Suicide. It's a word rife with stigma, an act spoken about in hush-hush tones or not acknowledged at all -- and one that leaves family and friends not only bereft but reeling at the desperation that drove a loved one to take their own life.

Sept. 9

Cash may be the best medicine: doctor
Interview with Dr. Andrew Pinto
The Catholic Register

Patients who visit Dr. Andrew Pinto for help managing their health often receive prescription for money. Pinto isn’t the average family doctor. He’s a scientist in The Upstream Lab, part of the Centre for Urban Health Solutions in Toronto’s St. Michael’s Hospital. A lot of his patients are poor, so Pinto sends them down the hall to talk to a full-time “income security health promoter” who works in his clinic.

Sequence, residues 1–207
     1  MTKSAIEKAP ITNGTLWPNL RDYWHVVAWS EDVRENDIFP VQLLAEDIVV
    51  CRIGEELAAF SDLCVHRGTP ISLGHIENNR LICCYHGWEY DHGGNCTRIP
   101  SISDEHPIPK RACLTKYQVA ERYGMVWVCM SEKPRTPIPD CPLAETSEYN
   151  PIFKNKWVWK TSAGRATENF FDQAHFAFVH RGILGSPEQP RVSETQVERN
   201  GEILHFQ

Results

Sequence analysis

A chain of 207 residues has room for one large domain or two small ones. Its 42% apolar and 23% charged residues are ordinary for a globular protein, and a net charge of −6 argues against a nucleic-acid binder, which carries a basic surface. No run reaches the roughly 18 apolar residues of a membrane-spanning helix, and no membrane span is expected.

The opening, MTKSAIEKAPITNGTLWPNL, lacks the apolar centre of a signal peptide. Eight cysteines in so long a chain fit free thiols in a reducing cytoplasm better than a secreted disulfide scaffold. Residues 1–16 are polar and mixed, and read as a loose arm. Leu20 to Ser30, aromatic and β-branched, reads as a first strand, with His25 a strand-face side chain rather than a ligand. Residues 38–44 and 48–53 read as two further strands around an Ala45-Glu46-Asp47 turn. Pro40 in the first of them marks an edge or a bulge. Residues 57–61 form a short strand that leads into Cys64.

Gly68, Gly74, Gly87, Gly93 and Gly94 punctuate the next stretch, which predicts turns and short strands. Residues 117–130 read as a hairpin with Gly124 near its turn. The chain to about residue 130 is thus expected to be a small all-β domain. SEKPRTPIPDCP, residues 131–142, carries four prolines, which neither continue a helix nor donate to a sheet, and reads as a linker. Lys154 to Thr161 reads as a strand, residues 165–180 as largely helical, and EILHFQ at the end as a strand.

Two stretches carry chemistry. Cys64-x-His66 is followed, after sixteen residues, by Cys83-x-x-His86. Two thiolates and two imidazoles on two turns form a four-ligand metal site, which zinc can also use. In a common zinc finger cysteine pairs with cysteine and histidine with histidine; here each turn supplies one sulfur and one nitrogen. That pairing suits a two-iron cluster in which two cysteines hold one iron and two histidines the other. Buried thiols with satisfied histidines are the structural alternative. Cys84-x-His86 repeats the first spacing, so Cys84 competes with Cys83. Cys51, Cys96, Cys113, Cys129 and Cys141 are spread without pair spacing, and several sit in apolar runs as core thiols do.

Sept. 8

New hospital program aims to turn babies in bookworms
Comments from Cathy O'Neill and Dr. Douglas Campbell

The Books for Babies program was founded by Cathy O’Neill, daughter of Maryrose O’Neill. Her mother was a volunteer preemie cuddler at the hospital before her death. Literacy was her baby. Her family hopes this program will become her legacy.

Sept. 7

CEO of Toronto builder donates $10 million to St. Joseph’s hospital
Interview with Maria Dyck‌, president and CEO of the St. Joseph’s Health Centre Foundation
The Toronto Star

Peter Gilgan, founder and CEO of Mattamy Homes, a residential homebuilding company, provided St. Joseph’s Health Centre with $10 million.

Potentially lifesaving implantable cardioverter defibrillators underutilized in eligible patients
Research by Dr. Paul Dorian‌
Science Codex